When Frank Basler, 58, and his son were in Killington, VT at a bachelor party in March 2020 their only concern was having a good time. The expectant grandfather was enjoying spending time with his son and their friends in the mountains of Vermont.
Nine days later, Frank was on a ventilator fighting to breathe. No one had any clue that the COVID-19 infection that raced through his body would end up saving his life.
Frank is not certain when he got COVID-19, but he’s pretty sure it was at the Killington event when news spread that a party guest from New York became very sick on his ride home. Soon, 13 of the guests began showing symptoms.
After visiting the Emergency Room at Quincy Hospital, Frank was transferred to Tufts Medical Center. It wasn’t long before he was in a coma. He would need to be intubated – have a tube placed through his mouth and into his airway, to assist with breathing. He would be the first intubated patient with COVID-19 at Tufts MC to live.
Frank’s family had every reason to be hopeful when he came off intubation in late April. Yet within minutes, his vitals crashed and his doctors were puzzled by his escalating white blood count. A body scan revealed the somber news: a golf-ball-sized tumor in his stomach.
“They told my wife that night, if I lived through COVID, they would have to remove the massive tumor, but that we could worry about that later,” explains Frank. “They needed to get me through COVID first”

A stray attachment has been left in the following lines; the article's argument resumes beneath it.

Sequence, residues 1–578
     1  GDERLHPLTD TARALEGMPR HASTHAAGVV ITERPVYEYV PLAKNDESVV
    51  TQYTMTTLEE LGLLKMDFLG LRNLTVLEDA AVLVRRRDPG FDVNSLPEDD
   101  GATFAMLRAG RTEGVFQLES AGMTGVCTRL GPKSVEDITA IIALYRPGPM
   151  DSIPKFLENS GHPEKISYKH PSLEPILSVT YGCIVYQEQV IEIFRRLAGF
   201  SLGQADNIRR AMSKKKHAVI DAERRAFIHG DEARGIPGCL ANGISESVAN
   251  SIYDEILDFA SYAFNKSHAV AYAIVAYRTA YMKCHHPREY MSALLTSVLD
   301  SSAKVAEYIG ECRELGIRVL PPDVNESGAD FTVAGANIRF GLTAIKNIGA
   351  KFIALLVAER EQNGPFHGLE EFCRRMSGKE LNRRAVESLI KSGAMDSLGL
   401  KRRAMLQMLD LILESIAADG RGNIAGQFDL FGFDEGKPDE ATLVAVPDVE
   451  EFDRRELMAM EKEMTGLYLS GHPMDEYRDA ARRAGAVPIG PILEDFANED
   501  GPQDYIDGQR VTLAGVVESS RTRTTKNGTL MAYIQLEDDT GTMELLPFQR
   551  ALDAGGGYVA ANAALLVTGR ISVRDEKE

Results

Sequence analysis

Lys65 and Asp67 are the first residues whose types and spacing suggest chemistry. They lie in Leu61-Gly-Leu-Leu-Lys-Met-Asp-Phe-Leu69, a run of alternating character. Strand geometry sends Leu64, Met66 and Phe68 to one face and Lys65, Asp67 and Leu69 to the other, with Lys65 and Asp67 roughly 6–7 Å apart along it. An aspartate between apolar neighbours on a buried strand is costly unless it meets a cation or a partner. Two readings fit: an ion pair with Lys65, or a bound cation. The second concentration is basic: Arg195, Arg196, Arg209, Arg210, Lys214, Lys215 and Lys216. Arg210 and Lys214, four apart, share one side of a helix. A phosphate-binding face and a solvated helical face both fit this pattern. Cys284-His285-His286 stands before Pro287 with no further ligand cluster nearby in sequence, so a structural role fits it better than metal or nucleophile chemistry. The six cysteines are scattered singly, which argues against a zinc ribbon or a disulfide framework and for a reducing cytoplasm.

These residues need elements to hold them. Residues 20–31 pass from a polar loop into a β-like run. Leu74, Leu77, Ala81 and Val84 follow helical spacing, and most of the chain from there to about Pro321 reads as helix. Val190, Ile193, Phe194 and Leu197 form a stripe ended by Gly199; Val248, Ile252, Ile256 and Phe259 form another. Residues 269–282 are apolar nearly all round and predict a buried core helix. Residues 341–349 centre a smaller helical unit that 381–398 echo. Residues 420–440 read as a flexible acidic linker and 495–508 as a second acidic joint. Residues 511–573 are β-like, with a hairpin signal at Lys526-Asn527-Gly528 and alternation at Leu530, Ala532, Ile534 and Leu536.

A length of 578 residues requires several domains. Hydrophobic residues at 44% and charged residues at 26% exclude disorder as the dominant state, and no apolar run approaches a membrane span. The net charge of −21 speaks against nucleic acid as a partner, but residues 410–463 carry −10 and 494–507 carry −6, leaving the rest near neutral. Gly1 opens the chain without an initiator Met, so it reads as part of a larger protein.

Frank got stronger and was released from the Medical Center. Within a few weeks, he was back for another procedure. His surgeon, Dr. Martin Goodman removed the symptomatic tumor from his stomach, which had grown to the size of an orange. If it continued to grow, the cancer could spread.
“I’m one of the luckiest people alive,” says Frank. “I’m lucky because I went to Tufts Medical Center. They saved my life twice!”
Frank says the nurses, physical therapists, doctors and entire care team were amazing.
“Their work, prayers and good will is what carried me through these two very difficult situations,” says Frank. “I am forever grateful.”
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